In Richard Shepard's follow-up to The Matador, neither substance nor style triumphs

The Hunting Party

on September 07, 2007 by Mark Keizer
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If Richard Shepard ( The Matador ) actually makes a comedy as black as he thinks The Hunting Party is, watch out—he'll have invented a new standard for stylish cynicism. Unfortunately, movies also require a plot, and when this one, inspired by Scott Anderson's Esquire magazine article about the hunt for a Bosnian War criminal, kicks into gear, it's neither as convincing nor as unique as the nuggets of glibness that drive our interest. But any director who ends his based-on-a-true-story film with an admission of what he fabricated demands a tip of the cap.

With Shepard's film and Lasse Hallström's The Hoax , 2007 has emerged as the year in which Richard Gere experimented with lower-budgeted, semi-fictional fare about scheming rascals who can talk their way around any problem. Here he plays Simon Hunt, a network war reporter who gets off on bulldozing into combat zones, accompanied by loyal cameraman Duck (Terrence Howard). Years of witnessing battlefield carnage have thickened both their skins, until Simon suffers a breakdown during a live report from Bosnia, something that only happens in movies about TV reporters who suffer breakdowns during live reports. His career finished, Hunt disappears, while Duck lands a cushy network gig in New York.

Five years later, Duck returns to Sarajevo with network anchor Franklin (James Brolin) for a report on the Bosnian aftermath. The country is still a shambles and Shepard, shooting in Sarajevo, doesn't spare us the burned-out buildings and rubble-strewn streets. Much to Duck's surprise, Simon appears from the Sarajevo ruins, older and grayer from having wandered the journalistic desert filing freelance reports and selling them to the highest bidder. Simon wants back in the game and has the perfect vehicle: an interview with The Fox (Ljubomir Kerekes), Bosnia's most notorious, and elusive, war criminal, whose secret whereabouts are no secret to Simon. So Duck reluctantly agrees to dump his tailored suits and risk his six-figure salary to help his old friend hunt The Fox, whose very name strikes fear into the locals.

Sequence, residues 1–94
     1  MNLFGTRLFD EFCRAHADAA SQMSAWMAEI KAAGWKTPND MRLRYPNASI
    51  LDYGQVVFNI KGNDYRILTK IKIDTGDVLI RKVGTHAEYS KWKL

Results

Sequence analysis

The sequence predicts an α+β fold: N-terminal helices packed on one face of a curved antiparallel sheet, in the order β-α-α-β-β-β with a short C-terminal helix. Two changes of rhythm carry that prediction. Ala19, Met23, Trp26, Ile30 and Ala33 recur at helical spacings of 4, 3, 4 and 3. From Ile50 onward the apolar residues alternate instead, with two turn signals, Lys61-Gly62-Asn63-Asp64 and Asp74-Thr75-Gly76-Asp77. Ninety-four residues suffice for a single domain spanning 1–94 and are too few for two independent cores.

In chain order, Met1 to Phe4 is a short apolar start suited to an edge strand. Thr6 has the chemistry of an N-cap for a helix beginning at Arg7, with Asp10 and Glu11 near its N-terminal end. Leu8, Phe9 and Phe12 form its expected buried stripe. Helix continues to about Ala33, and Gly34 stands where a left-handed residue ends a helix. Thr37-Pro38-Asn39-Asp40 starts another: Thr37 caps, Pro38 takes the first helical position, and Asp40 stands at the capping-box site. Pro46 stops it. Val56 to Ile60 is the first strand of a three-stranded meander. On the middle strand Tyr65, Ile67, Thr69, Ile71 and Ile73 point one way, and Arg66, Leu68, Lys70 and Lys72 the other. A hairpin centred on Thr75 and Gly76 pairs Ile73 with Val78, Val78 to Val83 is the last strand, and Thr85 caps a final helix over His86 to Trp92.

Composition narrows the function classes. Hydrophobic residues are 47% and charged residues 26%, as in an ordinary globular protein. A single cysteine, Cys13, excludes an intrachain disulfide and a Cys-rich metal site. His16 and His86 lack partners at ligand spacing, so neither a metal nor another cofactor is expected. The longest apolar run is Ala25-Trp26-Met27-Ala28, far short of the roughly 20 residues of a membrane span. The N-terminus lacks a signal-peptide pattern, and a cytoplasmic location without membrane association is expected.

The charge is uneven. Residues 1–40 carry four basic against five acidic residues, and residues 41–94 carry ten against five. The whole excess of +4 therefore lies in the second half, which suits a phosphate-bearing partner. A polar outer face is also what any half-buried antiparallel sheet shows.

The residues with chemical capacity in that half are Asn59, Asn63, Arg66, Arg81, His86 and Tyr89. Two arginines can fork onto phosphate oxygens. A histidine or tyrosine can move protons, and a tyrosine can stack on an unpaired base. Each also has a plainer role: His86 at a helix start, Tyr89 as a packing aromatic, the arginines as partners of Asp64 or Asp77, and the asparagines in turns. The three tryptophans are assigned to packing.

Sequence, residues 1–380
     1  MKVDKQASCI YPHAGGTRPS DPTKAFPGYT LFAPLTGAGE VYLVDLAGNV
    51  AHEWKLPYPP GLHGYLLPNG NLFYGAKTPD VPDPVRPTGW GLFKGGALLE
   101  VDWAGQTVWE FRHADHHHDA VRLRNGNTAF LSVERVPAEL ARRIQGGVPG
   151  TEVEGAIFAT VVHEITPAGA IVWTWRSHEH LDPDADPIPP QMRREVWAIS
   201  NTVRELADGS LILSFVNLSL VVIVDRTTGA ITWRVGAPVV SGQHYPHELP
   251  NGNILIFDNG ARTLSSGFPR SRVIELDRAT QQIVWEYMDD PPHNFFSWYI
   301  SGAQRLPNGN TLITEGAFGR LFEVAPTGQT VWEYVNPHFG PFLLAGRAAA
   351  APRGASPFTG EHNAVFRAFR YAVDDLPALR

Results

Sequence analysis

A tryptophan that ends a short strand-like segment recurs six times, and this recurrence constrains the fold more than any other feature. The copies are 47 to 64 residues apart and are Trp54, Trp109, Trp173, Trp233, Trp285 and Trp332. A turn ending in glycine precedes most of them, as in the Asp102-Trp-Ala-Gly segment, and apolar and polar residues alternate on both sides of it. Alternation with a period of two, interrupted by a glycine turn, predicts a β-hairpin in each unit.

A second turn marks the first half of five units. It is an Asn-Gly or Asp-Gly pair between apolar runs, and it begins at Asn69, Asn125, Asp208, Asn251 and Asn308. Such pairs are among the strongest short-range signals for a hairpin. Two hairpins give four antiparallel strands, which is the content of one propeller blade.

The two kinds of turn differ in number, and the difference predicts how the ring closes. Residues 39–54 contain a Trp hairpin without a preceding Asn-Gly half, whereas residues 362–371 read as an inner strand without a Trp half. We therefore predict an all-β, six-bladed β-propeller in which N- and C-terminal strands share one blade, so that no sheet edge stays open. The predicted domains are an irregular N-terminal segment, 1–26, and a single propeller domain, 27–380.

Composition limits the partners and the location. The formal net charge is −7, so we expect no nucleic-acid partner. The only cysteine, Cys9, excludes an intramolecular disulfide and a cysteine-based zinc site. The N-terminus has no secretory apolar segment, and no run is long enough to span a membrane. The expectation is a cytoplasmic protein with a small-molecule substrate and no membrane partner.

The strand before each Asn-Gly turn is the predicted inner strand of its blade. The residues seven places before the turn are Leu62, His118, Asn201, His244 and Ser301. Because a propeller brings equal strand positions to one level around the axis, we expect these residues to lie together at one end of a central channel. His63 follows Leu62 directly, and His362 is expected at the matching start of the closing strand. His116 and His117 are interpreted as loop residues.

Shepard is a clever director, so clever that when he's not being clever, the flaws become more obvious. The chase for The Fox, though not without its puckish moments, is mechanical. The movie has many points to make, cluttering the narrative as they jockey for attention, and too much doesn't pass the smell test. Howard ( Hustle and Flow ), whose career is cooling after a fast rise, is too strong a presence for us to believe he'd be dragged around by Simon for all those years. The pair is joined in its search by young Benjamin, the fortunate son of a network executive, played by Jesse Eisenberg ( The Squid and the Whale ), whose only speed is fidgety, even when bailing out the team during tense negotiations with Mirjana (Diana Kruger) an attractive contact. Mirjana, like the similarly handy U.N. peacekeeping official, thinks Simon and his team are CIA, a rumor Simon is in no hurry to dispel.

When it comes to visual and tonal inventiveness, Shepard is on to something. But unlike David Russell's Three Kings , which had style to spare but still retained credibility, too much of The Hunting Party 's design is not in service of its story but rather mostly bells and whistles, no matter how zingy and playful. And Shepard's attempt to personalize Simon's quest by making The Fox responsible for the death of his girlfriend vaguely disrespects those who've truly suffered.

He's telling the story of a post-war Bosnia so ignored by the international community, war criminals are free to list their names in the phone book. You can't make stuff like that up. But Shepard makes us think he did.
Distributor: MGM  
Cast: Richard Gere and Terrence Howard
Director/Screenwriter: Richard Shepard
Producers: Mark Johnson and Scott Kroopf
Genre: Comedy drama
Rating: R for strong language and some violent content
Running time: 103 min.
Release date: September 7, 2007
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